How Mad World Grew From R1 500 and a Beat-Up Car to...

How Mad World Grew From R1 500 and a Beat-Up Car to a Group Of Thriving Companies


 Vital Stats:

  • The players: Adelaide Potgieter and Solomon Potgieter
  • The business: Mad World Group
  • Launched: 1999
  • Turnover: R60 million
  • Contact:

The challenge:

Maintaining cash flow through growth

Moving from start-up phase and landing big contracts with large corporates has its own challenges, just as all business growth does.

“We used to have this modus operandi that involved doing what we knew, which is advertising, so we didn’t work with third-party suppliers,” explains Solomon.


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As a start-up, the brother and sister team hadn’t needed to rely on anyone else delivering on their promises – they were completely in control of their own output. Growth meant working with other businesses though, because they had to outsource services like sound recording and film work, which wasn’t in their wheelhouse.

“We were relying on suppliers to help us deliver to the standards we had set for ourselves. It brought with it an unexpected set of problems,” says Solomon, who found himself sweet-talking and cajoling suppliers if they wanted something done their way or faster.

“It was a fine balance – we needed work done to spec and on time, but upsetting and threatening a supplier is no way to get them on your side either.”

This careful approach was a drain on both time and resources, and Solomon estimates that they were losing up to a quarter of their income on facilitating job specifications with suppliers. “It didn’t help that we didn’t initially take this into account when we were calculating our rates for our clients.”

The cash flow problem

The second issue that emerged was a cash flow problem. “Large clients will always negotiate terms that are suitable for them. Most corporates have payment terms that stretch anywhere between 30 and 90 days.

It’s the cost of doing business. As a business owner, you need to carefully evaluate whether those terms work for you or not. We wanted to work in that sector, and were willing to accept the terms. The problem was that we weren’t in a position to negotiate the same terms with our suppliers.”

It meant a cash flow bottleneck that many growing business owners will be familiar with: Suppliers needed to be paid, but large invoices had not yet been settled.

Debt built up as they waited for payments from their large clients. Suppliers became frustrated and threatened to withdraw their services. Solomon and Adelaide needed to find a solution.

The solution: Doing it in-house

Their first response was one of open and honest communication. “This goes back to our belief that business starts with the heart,” says Solomon, who admits that in those early years they trusted in the heart almost to the detriment of standing up for themselves as business owners and experts in their field.

“We would later learn to be tougher in our negotiations, but we learnt a valuable lesson then: If you really explain what’s going on in your business to your suppliers, they’ll understand and assist you.”

“Transparency is key. At the end of the day, businesses are run by people – we’re all just people.” And people respond to honesty.

Their suppliers agreed to wait for Mad World to be paid before they demanded settlement of their own invoices, but the siblings did not see this as a long-term solution. Instead, in 2004, they decided to address the challenge head-on by adding new services to complement their advertising agency, including a recording studio, film production house and call centre.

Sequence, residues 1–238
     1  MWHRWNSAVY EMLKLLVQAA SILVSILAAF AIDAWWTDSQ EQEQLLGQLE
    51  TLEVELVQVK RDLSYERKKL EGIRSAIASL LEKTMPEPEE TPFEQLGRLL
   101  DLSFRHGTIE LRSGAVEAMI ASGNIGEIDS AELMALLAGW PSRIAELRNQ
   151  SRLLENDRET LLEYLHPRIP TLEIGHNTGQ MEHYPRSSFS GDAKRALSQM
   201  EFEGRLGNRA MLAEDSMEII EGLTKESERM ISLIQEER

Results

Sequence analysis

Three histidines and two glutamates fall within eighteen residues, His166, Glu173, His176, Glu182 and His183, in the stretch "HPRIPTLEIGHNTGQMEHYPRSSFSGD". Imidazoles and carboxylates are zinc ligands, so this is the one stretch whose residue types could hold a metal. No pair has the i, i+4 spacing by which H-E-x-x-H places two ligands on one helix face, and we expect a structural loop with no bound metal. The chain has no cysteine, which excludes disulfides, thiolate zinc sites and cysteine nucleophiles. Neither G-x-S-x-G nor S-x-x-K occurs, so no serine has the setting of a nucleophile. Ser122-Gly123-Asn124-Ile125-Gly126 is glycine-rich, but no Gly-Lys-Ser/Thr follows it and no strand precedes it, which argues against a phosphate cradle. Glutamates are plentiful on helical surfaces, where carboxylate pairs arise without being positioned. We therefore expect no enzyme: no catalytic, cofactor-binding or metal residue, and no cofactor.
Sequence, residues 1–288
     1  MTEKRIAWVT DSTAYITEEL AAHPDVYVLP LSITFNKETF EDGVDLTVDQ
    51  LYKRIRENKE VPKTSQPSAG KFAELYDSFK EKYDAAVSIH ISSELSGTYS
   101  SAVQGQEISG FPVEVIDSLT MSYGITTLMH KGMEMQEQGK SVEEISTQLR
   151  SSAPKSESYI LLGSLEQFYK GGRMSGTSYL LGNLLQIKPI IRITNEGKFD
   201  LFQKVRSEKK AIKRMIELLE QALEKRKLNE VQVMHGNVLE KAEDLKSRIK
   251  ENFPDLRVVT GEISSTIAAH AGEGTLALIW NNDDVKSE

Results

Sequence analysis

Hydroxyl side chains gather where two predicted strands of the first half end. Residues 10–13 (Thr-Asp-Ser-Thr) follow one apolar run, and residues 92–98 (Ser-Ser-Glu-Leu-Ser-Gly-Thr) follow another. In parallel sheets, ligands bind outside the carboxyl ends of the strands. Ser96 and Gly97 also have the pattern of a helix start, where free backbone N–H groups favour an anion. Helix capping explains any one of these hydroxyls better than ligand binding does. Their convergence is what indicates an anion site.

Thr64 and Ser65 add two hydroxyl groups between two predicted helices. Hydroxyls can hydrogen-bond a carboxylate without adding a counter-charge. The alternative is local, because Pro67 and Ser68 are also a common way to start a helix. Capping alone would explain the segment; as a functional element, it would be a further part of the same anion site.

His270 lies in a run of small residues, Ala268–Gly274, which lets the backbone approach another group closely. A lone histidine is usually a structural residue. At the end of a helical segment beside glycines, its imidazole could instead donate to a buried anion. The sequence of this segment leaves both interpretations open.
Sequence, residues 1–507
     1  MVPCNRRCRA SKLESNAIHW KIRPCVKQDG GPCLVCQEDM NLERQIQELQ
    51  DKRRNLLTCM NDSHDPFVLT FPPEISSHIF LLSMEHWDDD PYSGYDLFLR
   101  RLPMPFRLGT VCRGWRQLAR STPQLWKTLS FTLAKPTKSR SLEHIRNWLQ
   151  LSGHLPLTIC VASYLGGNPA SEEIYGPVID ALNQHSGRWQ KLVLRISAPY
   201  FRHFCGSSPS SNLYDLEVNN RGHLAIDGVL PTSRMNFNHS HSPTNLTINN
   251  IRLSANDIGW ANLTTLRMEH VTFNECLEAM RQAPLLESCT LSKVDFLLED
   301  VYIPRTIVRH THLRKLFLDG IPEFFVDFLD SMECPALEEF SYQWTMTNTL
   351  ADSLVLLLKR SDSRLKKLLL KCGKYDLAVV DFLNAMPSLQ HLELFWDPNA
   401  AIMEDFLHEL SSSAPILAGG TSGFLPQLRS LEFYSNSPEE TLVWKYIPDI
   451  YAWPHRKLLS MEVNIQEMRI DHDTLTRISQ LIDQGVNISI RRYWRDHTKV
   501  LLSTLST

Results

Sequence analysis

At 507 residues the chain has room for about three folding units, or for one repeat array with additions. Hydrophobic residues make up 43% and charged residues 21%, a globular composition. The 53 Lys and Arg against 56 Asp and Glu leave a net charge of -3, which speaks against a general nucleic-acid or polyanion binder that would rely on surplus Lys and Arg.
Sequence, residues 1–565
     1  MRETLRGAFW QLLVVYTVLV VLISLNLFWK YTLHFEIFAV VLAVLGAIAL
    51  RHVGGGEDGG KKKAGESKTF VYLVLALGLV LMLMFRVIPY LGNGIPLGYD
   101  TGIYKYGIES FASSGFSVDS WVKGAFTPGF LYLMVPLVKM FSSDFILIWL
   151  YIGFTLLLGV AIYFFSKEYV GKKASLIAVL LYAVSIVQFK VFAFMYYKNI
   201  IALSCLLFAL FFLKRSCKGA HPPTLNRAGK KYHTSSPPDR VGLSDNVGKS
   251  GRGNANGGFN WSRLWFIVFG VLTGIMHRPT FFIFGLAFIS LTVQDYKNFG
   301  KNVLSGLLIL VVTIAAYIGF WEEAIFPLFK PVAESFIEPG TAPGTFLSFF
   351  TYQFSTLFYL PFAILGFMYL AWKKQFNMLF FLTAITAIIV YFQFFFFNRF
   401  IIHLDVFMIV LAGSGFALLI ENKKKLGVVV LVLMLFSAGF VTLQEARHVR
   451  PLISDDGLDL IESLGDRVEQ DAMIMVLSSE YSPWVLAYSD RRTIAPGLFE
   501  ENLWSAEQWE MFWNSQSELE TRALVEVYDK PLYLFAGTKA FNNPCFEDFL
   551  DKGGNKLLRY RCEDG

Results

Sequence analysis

“This needs to be done so carefully,” says Solomon. “There’s a basic business principle that says you should always do what you know. You can’t be everything to everyone, so rather be the expert in a particular niche, and outsource the rest. That hadn’t worked for us, but we also couldn’t dilute our expertise by just adding services. They needed to all become our niche, headed up by channel experts.”

In house value-added services

The solution lay not in adding new divisions to handle the functions they wanted to bring in-house, but in setting up separate companies through which they could offer these services to a broader range of clients, while still maintaining control over the quality and speed of output.

The new companies were funded with shareholder loans from the main advertising company to avoid the perception that fees paid to the advertising company were funding the new businesses.

Today the advertising company accounts for just 60% of their overall income. This has helped them to maintain a growth trend, even during lean years since the 2008 global financial crisis.

While some clients are still routed through the advertising agency to their other companies, there are signs of increasing resilience as the newer companies source more income independently. For example, 60% of the events company’s revenue and 40% of the call centre’s income is generated from non-advertising business.

Solomon admits that the challenge of working with big corporates is that they often don’t want their suppliers to diversify and offer them value-added services in-house, because this may increase their own procurement expenses. “It’s made us smarter negotiators,” he says.

“We’ve learnt our value in this industry, and we’re very clear on what we bring to the table. This gives us a stronger footing when we’re negotiating rates.” In fact, Solomon believes business owners should be careful not to accept punitive conditions because they are dependent on a major client.

“That’s not good business. Good business involves give and take. Have confidence in what you bring to the table – and if you don’t, evaluate if the problem is your sense of worth as a business owner, or what you’re offering the client, and then change it.”

A firm grip on the numbers Mad-World-Agency-south-africa

As the business grew, Adelaide and Solomon came to recognise the importance of a good financial system – one that deals with income and payment flows and enables effective negotiation of payment terms. This is particularly important when dealing with large clients that could pressure smaller companies into taking on additional work without changing the payment terms.

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Solomon adds that it’s also important to be honest with clients about your business’s capacity to carry debt and then negotiate sustainable terms on that basis.